On The Record: Dave Aranda, Part I

Dave Aranda recently completed his third season at Wisconsin. He's a Tiger now. (State Journal)

Dave Aranda recently completed his third season at Wisconsin. He’s a Tiger now. (State Journal)

In less than 72 hours, LSU hired a replacement for Kevin Steele this week, plucking Dave Aranda away from Wisconsin for, reportedly, a lot of money.

You can read the story version of the Q&A here – where we talked to a host of former assistants and bosses of Aranda.

The 39-year-old up-and-comer spoke to The Advocate for 30 minutes Saturday from his childhood home in Redlands, California. This is the first part of a two-part Q&A with the guy some call “The Professor” because of his defensive wizardry.

In Part 1, Aranda goes into detail about his defensive philosophy and scheme and how his unit might look at LSU. In Part 2, Aranda discusses his life and a wild, meteoric rise to football stardom that began at a tiny Division III school.


How would you introduce yourself to the LSU fan base. What kind of guy is Dave Aranda?

I think I’m a good guy. I think I realize how important it is to treat people right and to be around good people and let good people do what they do. I don’t think it’s ever been anything about ego and, (on the) staffing side, it’s great to be around great coaches. There’ll be a general idea of something we’ve done in the past. I can bring it up and say, ‘Hey, this is what we do.’ But I like to go around the room and get peoples’ opinions and if there’s a better way to do it, then let’s do that. If that way fits all personnel better, then let’s do that. I want everybody to have a piece in that and have every one feel ownership of it.

With the players … the worst thing you can do is have a structure that is entirely playbook based. ‘The book says this. The book says that.’ What you want to do is start from the book and then build it to your players, to maximize the strengths of your players. If that means moving people around, if that means blurring the lines in that playbook, then you do it. Hopefully you’re maximizing the best things you got and minimizing the worst things you got.

Those things are the key. Sometimes it gets overlooked because ego is in the way. ‘Hey, this is how we’ve done it. We’ve done this and that.’ None of that is really important.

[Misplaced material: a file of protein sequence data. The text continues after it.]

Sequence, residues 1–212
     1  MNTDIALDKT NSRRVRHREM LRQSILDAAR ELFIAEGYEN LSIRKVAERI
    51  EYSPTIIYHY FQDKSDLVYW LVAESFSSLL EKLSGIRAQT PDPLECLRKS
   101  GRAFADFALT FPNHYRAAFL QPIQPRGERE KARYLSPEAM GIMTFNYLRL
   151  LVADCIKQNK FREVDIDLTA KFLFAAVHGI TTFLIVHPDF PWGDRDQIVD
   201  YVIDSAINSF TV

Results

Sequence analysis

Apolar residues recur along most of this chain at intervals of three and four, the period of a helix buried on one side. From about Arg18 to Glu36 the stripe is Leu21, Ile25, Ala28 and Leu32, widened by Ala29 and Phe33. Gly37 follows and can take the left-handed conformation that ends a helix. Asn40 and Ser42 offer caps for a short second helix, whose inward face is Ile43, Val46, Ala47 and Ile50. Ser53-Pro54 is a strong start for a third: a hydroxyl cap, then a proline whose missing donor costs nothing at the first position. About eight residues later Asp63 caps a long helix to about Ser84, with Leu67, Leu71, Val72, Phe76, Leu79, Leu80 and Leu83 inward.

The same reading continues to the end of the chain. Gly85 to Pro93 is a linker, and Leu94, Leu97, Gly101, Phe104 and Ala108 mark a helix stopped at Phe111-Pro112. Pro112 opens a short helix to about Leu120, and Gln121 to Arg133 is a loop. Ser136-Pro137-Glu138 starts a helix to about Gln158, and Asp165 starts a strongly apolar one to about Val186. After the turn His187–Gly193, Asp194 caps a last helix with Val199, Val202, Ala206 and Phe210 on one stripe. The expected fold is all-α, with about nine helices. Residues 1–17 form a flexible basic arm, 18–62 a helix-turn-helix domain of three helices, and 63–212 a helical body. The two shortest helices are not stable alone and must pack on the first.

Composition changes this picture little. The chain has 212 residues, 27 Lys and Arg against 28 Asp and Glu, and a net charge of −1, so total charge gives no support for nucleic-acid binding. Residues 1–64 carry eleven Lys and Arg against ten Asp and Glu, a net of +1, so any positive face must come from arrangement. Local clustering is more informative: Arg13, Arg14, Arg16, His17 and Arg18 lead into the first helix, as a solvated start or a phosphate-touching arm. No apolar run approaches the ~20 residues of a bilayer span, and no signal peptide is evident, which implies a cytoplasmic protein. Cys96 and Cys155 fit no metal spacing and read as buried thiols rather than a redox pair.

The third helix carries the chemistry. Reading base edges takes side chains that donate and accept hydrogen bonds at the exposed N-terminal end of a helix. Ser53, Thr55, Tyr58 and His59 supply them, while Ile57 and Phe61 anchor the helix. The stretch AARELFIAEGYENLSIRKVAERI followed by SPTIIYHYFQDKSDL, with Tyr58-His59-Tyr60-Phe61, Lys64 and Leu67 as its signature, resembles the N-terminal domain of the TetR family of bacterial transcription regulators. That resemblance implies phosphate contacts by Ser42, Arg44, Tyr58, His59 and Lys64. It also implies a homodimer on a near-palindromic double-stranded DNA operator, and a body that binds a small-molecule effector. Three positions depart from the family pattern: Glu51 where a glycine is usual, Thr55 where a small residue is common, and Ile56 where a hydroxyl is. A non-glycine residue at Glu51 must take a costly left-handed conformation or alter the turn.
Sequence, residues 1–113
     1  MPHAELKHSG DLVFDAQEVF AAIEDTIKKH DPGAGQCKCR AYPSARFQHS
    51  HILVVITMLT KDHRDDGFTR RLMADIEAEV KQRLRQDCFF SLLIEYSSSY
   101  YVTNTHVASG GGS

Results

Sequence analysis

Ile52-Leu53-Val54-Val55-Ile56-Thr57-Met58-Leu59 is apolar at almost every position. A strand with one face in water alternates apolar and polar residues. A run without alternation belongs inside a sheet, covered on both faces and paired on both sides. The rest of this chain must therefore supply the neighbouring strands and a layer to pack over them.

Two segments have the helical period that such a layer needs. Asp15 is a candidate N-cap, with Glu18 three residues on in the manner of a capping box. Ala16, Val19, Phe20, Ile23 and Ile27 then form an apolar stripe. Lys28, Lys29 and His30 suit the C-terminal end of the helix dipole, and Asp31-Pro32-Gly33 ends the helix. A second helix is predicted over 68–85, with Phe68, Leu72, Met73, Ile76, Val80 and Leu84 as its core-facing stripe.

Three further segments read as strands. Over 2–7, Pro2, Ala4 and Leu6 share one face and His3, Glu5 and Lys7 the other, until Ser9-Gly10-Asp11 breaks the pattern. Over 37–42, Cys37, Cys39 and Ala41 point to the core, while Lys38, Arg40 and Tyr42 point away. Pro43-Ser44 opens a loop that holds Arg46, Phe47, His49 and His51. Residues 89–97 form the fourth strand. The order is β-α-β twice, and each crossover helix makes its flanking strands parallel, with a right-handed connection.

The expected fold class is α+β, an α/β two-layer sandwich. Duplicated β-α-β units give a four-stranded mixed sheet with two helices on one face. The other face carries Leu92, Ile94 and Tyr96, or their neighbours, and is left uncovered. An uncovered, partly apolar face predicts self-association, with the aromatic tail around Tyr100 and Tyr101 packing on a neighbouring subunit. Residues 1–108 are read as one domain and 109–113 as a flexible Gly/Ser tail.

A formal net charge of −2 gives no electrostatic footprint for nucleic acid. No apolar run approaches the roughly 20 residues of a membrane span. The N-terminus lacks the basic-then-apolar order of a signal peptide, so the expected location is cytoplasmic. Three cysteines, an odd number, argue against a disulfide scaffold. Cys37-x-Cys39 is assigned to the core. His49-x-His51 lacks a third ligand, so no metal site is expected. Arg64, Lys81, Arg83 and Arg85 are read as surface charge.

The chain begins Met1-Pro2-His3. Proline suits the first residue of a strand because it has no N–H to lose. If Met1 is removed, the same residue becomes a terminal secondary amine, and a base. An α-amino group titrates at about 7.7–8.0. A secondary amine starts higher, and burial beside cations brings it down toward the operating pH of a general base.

People get caught up on defensive formations. The 4-3 and 3-4 and the 3-3. How would you describe your defensive formation?

We want to be able to dictate the terms on defense. So much of it is is, when you talk to really good offensive people, if they were to create a passing combination, route combination or passing concept, there’s an underneath route that’s going to pull a defender. There’s a clear-out route that’s going to stretch a defender and there’s an option route to the side.

They dictate to you the terms. Meaning, if our guy on defense does this, they’re going to have to make that one-on-one (matchup) here. Or, if our guy does that, they’ve got the one-on-one (matchup) there. What you want to do is flip that as best you can. You want to do that with pressure or simulated pressure to where you’re dictating the terms to them. They have to react to you.

If they block it this way, there’s a free rusher here. If they ID it that way, there’s a free rusher there. That is No. 1. Whatever the defensive structure is, based upon our people and coaching strengths, that’s what it is. That’s the structure. You want to dictate the terms.

No. 2, you want to change the match. Football is a game of 11 on 11. Whoever has the most people at the point of attack wins. There’s two things there. One is the ability to run to the football, the want to run to the football, the fundamentals of beating blocks and tackling and those things. That’s important. Two is the scheme of things. The deception, the attacking, the let’s show numbers here, get them to see that and flip it and bring numbers over there.

Dave Aranda and LSU struck their deal Friday. The two began talking Thursday. (Michael P. KIng)

Dave Aranda and LSU struck their deal Friday. The two began talking Thursday. (Michael P. KIng)

Hawaii we were a 4-3, and ran some 3-4. At Delta State we were a 3-3-5, and at Utah State we were a 3-4. The very first year at Wisconsin we were a 3-4 but played very much like a 4-3. We were pretty good on defense that year. It was a bit of a transition. A lot of D-linemen so we played to those strengths.

This last year, (we had) two years recruiting so we had a lot more linebackers so we played more like a traditional 3-4 of all the three years at Wisconsin. That was because we had the people to do it.